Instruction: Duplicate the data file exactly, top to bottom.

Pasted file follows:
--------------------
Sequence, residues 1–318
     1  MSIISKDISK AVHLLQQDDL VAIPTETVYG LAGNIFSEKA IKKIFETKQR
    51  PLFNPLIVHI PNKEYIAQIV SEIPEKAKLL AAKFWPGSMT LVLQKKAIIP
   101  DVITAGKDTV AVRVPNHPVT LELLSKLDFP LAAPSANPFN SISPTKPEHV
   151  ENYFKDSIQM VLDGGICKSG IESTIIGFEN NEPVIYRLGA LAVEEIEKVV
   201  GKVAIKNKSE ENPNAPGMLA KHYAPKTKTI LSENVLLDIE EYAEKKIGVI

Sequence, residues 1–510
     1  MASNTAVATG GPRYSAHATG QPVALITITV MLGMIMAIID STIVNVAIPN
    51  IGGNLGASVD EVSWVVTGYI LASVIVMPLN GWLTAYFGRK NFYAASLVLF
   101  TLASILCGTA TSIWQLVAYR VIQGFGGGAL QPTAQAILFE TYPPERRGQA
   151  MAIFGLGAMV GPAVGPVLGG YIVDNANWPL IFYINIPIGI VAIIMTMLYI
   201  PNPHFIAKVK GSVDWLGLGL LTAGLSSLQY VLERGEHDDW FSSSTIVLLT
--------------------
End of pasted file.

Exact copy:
Sequence, residues 1–318
     1  MSIISKDISK AVHLLQQDDL VAIPTETVYG LAGNIFSEKA IKKIFETKQR
    51  PLFNPLIVHI PNKEYIAQIV SEIPEKAKLL AAKFWPGSMT LVLQKKAIIP
   101  DVITAGKDTV AVRVPNHPVT LELLSKLDFP LAAPSANPFN SISPTKPEHV
   151  ENYFKDSIQM VLDGGICKSG IESTIIGFEN NEPVIYRLGA LAVEEIEKVV
   201  GKVAIKNKSE ENPNAPGMLA KHYAPKTKTI LSENVLLDIE EYAEKKIGVI

Sequence, residues 1–510
     1  MASNTAVATG GPRYSAHATG QPVALITITV MLGMIMAIID STIVNVAIPN
    51  IGGNLGASVD EVSWVVTGYI LASVIVMPLN GWLTAYFGRK NFYAASLVLF
   101  TLASILCGTA TSIWQLVAYR VIQGFGGGAL QPTAQAILFE TYPPERRGQA
   151  MAIFGLGAMV GPAVGPVLGG YIVDNANWPL IFYINIPIGI VAIIMTMLYI
   201  PNPHFIAKVK GSVDWLGLGL LTAGLSSLQY VLERGEHDDW FSSSTIVLLT